Ovarian Cancer Screening
Primary results published in worldwide media reports this week suggest a combined blood test and ultrasound, termed a "multimodal" approach, may be the key to screening for ovarian cancer-known as a silent killer because symptoms do not appear until the disease is in its late and deadly stages.
The results of the United Kingdom Collaborative Trial of Ovarian Cancer Screening, led by the University College London, will be published in The Lancet in April. The test measures levels of CA-125, a protein associated with ovarian cancer and used to monitor its progression in patients with the disease.
CA-125 was one of six biomarkers measured by OvaSure, the ovarian cancer screening test LabCorp developed in collaboration with Yale University, and released in June, 2008. While OvaSure seemed like a first step to identifying women with beginning-stage, treatable ovarian cancer, some early fears ran to too many women being identified and the invasive procedures necessary to rule out cancer after a false-positive.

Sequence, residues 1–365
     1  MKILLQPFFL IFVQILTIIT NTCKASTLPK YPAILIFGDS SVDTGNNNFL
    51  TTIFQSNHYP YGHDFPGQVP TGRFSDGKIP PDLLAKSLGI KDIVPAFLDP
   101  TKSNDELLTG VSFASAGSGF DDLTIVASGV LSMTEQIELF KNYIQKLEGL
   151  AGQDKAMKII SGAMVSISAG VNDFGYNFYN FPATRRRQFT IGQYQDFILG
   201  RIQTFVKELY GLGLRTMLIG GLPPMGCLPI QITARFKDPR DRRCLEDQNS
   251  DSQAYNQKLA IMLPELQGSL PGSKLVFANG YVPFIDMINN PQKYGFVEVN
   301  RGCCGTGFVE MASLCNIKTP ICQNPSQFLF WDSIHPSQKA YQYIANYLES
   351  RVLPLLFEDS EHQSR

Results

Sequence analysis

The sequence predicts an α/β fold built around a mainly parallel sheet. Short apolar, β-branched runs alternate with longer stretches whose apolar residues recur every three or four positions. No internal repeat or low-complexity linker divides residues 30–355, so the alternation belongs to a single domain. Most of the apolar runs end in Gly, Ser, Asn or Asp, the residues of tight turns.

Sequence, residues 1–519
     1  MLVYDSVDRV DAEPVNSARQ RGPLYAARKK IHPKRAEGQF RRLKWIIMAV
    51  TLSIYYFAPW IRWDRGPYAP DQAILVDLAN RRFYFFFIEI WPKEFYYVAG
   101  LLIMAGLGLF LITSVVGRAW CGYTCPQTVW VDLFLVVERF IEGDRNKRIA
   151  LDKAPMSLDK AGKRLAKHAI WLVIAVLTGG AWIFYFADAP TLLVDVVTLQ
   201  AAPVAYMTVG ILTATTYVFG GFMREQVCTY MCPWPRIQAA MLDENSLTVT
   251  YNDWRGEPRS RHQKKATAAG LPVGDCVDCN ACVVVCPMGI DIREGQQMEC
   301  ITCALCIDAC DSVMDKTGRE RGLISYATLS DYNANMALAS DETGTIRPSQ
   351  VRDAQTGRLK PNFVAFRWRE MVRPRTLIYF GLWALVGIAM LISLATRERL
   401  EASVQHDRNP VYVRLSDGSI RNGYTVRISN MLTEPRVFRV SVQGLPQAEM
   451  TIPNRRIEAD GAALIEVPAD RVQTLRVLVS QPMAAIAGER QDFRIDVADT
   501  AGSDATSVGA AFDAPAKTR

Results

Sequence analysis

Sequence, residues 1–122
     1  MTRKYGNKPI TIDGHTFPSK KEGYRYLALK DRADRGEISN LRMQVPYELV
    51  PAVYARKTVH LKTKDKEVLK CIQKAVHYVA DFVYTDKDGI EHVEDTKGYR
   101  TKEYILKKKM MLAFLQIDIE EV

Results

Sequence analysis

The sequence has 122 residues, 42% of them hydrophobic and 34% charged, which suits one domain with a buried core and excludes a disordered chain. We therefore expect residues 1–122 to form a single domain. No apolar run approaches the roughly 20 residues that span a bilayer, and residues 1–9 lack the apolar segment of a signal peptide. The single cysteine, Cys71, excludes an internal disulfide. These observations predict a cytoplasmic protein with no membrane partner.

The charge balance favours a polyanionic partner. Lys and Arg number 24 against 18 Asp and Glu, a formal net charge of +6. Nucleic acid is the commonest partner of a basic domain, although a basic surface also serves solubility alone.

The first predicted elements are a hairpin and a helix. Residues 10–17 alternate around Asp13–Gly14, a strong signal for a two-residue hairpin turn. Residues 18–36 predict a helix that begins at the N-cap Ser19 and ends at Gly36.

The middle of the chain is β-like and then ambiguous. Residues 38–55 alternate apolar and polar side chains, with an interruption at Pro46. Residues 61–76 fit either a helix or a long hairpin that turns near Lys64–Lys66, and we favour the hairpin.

In September, the FDA sent a warning letter to LabCorp expressing concern about how the test was validated, stating OvaSure was "not within the scope of laboratory-developed tests over which the agency has traditionally exercised enforcement discretion."
In a response letter sent in October, LabCorp representatives said the company disagreed with the FDA's position, but would halt sales to maintain a positive relationship with the agency, which they subsequently did.
It will be interesting to see how this multimodal approach differs from OvaSure and if the same concerns will apply.